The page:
With school enrollments running on the low side of projections, the Board of Selectmen will take a look at the Miller-Driscoll renovation project to see if what might be excess space can be repurposed or if it should be “mothballed” until needed.

First Selectman Lynne Vanderslice attended the Miller-Driscoll Building Committee meeting on Thursday, June 9, to apprise members of the situation, although such a discussion has not yet been added to the board’s agenda. She reviewed population statistics that showed births in Wilton from 2011 to 2015 numbered 573. (This is higher than projections reported by UConn’s Connecticut State Data Center.)

Milone & MacBroom, the consulting firm that provides enrollment analysis and projection reports to the Board of Education, assumed a five-year birth rate of 591 for its “medium” projection and 589 for its “low” projection, 18 and 16 higher than the actual number. The town had been using the medium projection for its planning purposes.

The actual K-12 enrollment, taken on Oct. 1, 2015, was 4,104, lower than Milone & MacBroom’s low projection of 4,129.

“This certainly explains the discrepancy in the numbers that UConn published and which a number of residents have repeatedly brought to us saying the population decline will be significantly higher than what Milone & MacBroom are saying,” Vanderslice said. Sensible Wilton has used UConn’s projections in its argument against the size of the renovation project.

But the lower numbers also reinforce that “we are going to have a significant number of empty classrooms when we are done with this building,” Vanderslice said. “That is something we need to think about, we talked about it at the Board of Selectmen meeting, we talked about concerns with the Board of Education, I know maybe there’s been some back-of-the envelope work done on what’s the impact.”

Still, “since we’re trending lower than the low … if we’re not going to fill these classrooms for six to 10 years and there is another need for this space that has not been defined, is there a way this can be done so we’re not handicapping our ability to use that space.”

She said she asked Chris Burney, the town’s director of facilities and energy management, to address the issue with Turner Construction and architectural firm Tai Soo-Kim.

Not only is this a consideration from a building perspective but it may also affect state reimbursement for the project, which currently is expected to be $7.1 million.

“If you get state reimbursement for something, you’re pretty much tied for 20 years to use it only for school purposes,” she said.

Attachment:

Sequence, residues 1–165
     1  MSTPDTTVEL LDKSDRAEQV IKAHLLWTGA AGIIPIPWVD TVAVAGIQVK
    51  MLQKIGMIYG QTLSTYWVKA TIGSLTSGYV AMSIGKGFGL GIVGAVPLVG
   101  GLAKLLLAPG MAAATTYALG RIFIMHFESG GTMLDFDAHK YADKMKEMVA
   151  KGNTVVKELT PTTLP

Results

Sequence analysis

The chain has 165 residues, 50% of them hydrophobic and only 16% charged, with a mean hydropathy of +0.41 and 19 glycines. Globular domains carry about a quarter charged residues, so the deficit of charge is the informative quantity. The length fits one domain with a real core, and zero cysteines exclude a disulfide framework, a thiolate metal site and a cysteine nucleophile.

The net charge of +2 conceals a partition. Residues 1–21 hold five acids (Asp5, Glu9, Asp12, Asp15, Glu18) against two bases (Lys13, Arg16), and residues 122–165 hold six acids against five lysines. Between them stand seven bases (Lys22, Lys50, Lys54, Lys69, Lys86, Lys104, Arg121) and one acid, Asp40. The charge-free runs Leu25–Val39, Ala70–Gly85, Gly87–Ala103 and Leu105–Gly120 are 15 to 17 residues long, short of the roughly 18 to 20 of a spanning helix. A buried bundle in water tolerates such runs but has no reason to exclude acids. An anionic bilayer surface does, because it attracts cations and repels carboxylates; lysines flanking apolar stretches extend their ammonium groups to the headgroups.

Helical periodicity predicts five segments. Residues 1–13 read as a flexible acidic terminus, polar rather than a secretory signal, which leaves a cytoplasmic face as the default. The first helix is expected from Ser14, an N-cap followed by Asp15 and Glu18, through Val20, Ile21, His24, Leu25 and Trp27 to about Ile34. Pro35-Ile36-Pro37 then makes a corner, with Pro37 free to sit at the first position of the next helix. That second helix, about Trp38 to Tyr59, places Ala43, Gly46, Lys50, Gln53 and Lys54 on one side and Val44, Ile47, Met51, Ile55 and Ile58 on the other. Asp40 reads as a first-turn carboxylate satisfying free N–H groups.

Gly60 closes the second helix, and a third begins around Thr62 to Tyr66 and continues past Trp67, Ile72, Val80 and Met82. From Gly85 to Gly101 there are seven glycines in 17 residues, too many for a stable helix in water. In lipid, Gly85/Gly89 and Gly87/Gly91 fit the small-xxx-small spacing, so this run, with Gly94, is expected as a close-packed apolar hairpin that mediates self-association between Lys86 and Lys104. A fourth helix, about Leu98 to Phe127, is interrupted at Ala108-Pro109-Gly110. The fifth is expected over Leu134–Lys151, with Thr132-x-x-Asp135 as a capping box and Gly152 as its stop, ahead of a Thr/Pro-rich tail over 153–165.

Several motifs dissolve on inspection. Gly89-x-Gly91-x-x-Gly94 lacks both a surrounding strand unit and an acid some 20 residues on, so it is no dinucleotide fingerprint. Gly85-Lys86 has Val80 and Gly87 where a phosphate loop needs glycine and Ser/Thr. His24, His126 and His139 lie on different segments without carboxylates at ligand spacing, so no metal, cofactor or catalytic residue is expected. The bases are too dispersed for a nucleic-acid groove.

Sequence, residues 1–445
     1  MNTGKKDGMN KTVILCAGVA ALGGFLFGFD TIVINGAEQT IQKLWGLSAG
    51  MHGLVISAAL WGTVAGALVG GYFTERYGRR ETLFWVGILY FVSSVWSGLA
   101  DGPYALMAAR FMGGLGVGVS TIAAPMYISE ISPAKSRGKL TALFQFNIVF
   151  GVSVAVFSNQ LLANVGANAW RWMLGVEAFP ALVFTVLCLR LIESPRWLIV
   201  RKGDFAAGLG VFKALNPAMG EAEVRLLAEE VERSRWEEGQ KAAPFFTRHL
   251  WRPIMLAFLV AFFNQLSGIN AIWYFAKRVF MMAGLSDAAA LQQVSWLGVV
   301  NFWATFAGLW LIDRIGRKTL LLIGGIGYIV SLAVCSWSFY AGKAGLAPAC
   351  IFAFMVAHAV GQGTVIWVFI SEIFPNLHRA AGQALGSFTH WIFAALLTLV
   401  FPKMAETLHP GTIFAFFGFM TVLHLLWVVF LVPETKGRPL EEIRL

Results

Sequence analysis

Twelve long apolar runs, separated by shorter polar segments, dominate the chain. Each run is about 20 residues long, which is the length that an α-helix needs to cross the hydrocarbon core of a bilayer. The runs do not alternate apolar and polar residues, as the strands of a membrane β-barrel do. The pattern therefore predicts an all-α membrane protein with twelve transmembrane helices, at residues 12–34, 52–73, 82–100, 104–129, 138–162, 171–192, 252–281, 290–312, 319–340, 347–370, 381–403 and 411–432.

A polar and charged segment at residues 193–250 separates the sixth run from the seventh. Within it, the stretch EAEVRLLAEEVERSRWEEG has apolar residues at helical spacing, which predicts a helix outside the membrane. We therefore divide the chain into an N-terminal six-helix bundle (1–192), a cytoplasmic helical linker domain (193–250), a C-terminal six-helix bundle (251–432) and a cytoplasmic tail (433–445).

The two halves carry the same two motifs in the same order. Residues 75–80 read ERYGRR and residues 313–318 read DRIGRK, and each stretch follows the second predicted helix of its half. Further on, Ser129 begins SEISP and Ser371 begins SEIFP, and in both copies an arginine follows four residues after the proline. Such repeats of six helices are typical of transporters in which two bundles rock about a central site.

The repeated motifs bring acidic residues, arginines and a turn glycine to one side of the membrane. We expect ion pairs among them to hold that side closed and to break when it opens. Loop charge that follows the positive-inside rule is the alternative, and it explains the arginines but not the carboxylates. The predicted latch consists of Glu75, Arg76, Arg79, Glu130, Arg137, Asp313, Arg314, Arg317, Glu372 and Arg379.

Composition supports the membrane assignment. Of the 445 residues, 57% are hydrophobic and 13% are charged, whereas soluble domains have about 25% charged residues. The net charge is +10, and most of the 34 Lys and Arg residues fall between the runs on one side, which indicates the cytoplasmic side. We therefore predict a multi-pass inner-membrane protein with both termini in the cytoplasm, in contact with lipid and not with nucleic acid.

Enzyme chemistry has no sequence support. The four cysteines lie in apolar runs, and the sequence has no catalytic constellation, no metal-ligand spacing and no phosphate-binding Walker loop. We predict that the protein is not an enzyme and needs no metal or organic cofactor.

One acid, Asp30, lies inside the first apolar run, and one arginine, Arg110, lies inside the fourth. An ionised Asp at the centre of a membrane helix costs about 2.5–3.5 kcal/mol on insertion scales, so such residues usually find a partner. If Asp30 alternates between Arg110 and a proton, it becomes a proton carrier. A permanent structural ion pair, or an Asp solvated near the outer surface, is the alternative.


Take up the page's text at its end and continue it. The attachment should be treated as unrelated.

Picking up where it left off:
“The way this project developed is the Board of Education created the specs, the specs went to the Board of Selectmen, the Board of Selectmen ultimately decided what the final specs were and that’s what was delivered to you [the building committee] so I wanted to make you aware of what’s been happening.”

“It would not be prudent to not think about this and not think about our reimbursement strategy,” she said.

Vanderslice’s announcement caused some consternation among members of the committee who pointed out that major construction was about to begin and a large percentage of the materials had been purchased.

She assured the committee this was all very preliminary, but when the question of the scope of the project was raised, she said the scope was contained in the statement of requirements and if that were to be changed it would be a matter for the Board of Selectmen “and then we’ll deal with how the Board of Selectmen does it.”

When pressed further, she said, “The idea is, if you don’t need the space now, do you commit yourself to classrooms or do you just not commit yourself and wait and see.”

She referred to the Comstock Community Center renovation where one wing has been left unfinished until a decision is made on how to use it.

Committee member John Kalamarides pointed out that when the plans for the school were developed the Board of Education was looking “20 to 25 years into the future.” He was also concerned the committee would not be consulted and would be taken by surprise by any decisions.

Vanderslice insisted all discussions would be held in public at the Board of Selectmen meetings.

“There’s no hidden agenda here,” she said. “There are no decisions that have been made, quite honestly.” She added she felt it would be “imprudent” to not have a discussion about the enrollment when it is lower than what officials thought it would be. It is possible, she said, the Board of Selectmen would choose to not make any changes.